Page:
Star Trek Guide

Star Trek: The Next Generation - Episode Guide - Season 4

This is the season of Next Generation that grabs you by the throat directly after resolving the most spellbinding cliffhanger in American TV history (Quick: Do you remember how “The Best of Both Worlds, Part II” begins? Funny, that) and just simply does not let go of the attention for 25 episodes thereafter. Season 4 of TNG includes some of the best character-driven ST episodes ever, some of ST’s best (or worst, depending on perspective) head trips ever, cadres of Klingons and Wesley’s departure.

1. The Best of Both Worlds, Part II – Acting captain Riker’s attempt to destroy the Borg vessel commanded by Picard-cum-Locutus fails. The Borg go on to lay waste to 39 ships at the Battle of Wolf 359, now infamous in Star Trek lore. A heroic away mission in which nearly every crew member gets a fist-pumping moment, Picard is rescued and his connection to the Borg is used by Lt. Commander Data to stop another impending attack. Epic, edge-of-the-seat stuff. *****

2. Family – After the adrenaline-pumping space battle action of “Best of Both Wolds” comes this quiet, character-centric story much loved by ST:TNG fans. While Picard revisits both the family vineyard and a contentious relationship with his brother, Worf hosts his extremely proud and enthusiastic adoptive Russian parents, and Wesley receives a hologram message from his father. *****

3. Brothers – And since Brent Spiner doesn’t appear at all in “Family,” he gets three roles to play in this episode, certainly every Data groupie’s favorite. Data’s creator Dr. Soong summons the android to his planet, and the signal also attracts Data’s “brother” Lore. A tour de force performance by Mr. Spiner. *****

4. Suddenly Human – An Enterprise away team finds five soldiers of the Talarian army requiring medical attention. However, one of them is discovered to be human and appears to have been a victim of abuse. thereby triggering a debate as to the young man’s proper place. **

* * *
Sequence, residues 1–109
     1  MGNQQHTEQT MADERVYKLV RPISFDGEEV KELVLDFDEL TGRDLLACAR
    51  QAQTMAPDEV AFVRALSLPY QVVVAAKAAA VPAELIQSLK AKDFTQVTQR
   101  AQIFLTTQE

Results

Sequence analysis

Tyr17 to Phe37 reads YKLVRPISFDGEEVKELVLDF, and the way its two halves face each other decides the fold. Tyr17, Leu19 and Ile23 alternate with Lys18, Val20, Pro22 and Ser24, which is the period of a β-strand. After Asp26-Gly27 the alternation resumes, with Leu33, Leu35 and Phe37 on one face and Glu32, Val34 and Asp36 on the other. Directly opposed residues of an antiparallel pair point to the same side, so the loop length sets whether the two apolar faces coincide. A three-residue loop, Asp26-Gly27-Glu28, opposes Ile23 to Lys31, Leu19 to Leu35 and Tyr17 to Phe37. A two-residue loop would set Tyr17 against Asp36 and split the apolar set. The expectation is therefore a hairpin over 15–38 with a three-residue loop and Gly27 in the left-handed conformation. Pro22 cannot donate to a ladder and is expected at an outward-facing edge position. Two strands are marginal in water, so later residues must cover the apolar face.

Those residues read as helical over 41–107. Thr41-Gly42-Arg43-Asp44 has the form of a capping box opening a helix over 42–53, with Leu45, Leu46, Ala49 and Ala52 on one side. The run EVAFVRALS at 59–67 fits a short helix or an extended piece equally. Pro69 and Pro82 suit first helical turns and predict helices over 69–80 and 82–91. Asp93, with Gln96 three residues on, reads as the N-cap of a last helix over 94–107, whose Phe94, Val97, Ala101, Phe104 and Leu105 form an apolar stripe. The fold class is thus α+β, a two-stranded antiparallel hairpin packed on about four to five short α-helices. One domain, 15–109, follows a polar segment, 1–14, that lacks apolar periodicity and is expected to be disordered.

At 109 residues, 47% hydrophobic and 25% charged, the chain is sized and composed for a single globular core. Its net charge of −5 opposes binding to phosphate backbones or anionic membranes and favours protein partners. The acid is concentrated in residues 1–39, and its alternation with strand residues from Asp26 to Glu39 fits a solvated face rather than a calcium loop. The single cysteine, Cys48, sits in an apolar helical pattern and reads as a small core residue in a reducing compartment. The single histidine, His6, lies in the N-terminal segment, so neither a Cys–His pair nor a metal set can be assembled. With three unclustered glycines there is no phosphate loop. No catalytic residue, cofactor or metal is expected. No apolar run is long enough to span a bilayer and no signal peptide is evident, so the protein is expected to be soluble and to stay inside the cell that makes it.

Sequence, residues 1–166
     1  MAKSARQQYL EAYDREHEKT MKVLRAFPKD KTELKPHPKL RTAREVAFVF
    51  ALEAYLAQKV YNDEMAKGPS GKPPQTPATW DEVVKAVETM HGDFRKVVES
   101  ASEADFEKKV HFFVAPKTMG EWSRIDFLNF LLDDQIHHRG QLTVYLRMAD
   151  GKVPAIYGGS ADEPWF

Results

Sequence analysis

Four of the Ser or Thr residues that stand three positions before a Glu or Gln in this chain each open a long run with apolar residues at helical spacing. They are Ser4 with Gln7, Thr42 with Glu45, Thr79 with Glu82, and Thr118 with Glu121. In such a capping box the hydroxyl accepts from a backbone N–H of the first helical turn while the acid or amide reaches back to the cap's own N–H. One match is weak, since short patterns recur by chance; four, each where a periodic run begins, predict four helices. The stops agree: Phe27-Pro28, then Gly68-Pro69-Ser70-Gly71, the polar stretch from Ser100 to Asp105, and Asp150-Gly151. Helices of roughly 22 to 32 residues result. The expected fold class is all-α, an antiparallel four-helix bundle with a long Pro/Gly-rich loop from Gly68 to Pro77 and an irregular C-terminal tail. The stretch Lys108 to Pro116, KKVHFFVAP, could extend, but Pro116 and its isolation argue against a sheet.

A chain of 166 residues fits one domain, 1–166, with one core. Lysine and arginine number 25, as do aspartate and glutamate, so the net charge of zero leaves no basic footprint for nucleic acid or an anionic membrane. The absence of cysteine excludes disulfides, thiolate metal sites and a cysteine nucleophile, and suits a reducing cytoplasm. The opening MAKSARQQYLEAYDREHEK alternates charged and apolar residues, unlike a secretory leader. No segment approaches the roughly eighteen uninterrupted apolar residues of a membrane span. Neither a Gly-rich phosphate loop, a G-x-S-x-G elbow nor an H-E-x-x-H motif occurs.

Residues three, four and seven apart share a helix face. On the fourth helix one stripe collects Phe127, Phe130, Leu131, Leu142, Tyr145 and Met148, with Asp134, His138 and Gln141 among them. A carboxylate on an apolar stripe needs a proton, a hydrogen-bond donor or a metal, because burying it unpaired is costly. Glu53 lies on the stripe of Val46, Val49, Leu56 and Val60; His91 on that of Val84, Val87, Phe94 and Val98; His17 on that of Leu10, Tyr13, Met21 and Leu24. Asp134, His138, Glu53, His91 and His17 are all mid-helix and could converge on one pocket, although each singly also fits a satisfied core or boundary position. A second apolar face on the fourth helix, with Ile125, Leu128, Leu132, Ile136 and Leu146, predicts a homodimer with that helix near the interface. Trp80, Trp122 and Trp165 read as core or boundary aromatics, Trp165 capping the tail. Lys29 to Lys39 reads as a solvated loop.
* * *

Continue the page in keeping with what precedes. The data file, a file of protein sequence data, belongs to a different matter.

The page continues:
5. Remember Me – Dr. Crusher’s head trip: Crew members suddenly begin disappearing, along with any memory of them to anyone aside from Crusher, until she is the only person left aboard the Enterprise. Gates McFadden kills it with all the extra screen time given her character, much of which involves her monologuing. And “Computer, what is the nature of the universe?” is probably her best line of dialogue ever. ****

6. Legacy – Ishara Yar, sister of dearly departed comrade Lt. Yar, calls on the Enterprise to help resolve conflict on a Federation colony. Naturally, she is – get this – not what she seems. And Data proves that, when crossed, no one can be colder than an android. **

7. Reunion – Ambassador K’Ehleyr, Worf’s former love, returns with child in tow (guess whose). Picard and she begin in attempts to avert a full-on civil war within the Klingon Empire. Spoilers: They aren’t very successful, and things end badly for K’Ehleyr. This episode also includes the first appearance of Gowron, the gleefully insane popeyed Klingon chancellor. ***

8. Future Imperfect – Commander Riker’s head trip: Sixteen years in the future, he’s captain of an Enterprise with Ferengi ensigns and higher technology – plus he’s got a son. And he remembers none of the past 1½ decades…****

9. Final Mission – Before Wesley departs the Enterprise for Starfleet Academy, Picard has him take part in a simple away mission which rapidly goes south. Kinda one note stuff in general. **

10. The Loss – If you disliked the Counselor Troi character before this episode, you’ll despise her during this one. When the Enterprise encounters two-dimensional beings, somehow Troi loses her empathic abilities. This causes her to whine about her uselessness, bitch about her terrible personal tragedy and act haughty to the limited non-empaths. *

11. Data's Day – I downloaded the subspace news today, oh- boy… more service to Data fandom with a nicely done day-in-the-life vignette. Seen through the eyes of Data are a strange incident involving a Vulcan ambassador and Romulans. Also, the wedding of Miles and Keiko O’Brien. ****

12. The Wounded – Aaaaand introducing the Cardassians, big bad of Deep Space Nine! Federation starship captain Maxwell, a former commander of O’Biren, has taken it upon himself to act against Cardassians along the Cardassian-Federation border. A fairly straightforward story with a neat twist at the end. ***

13. Devil’s Due – One heck of a sexy devil claiming to be an ancient goddess “returns” to an unsuspecting planet to recoup a contract legendarily made between the planet’s rulers and her 1,000 years ago. ***

14. Clues – The entire Enterprise crew’s head trip: After awakening from a ship-wide bout of unconsciousness, those on the ship slowly realize they’ve been robbed of a whole day. ****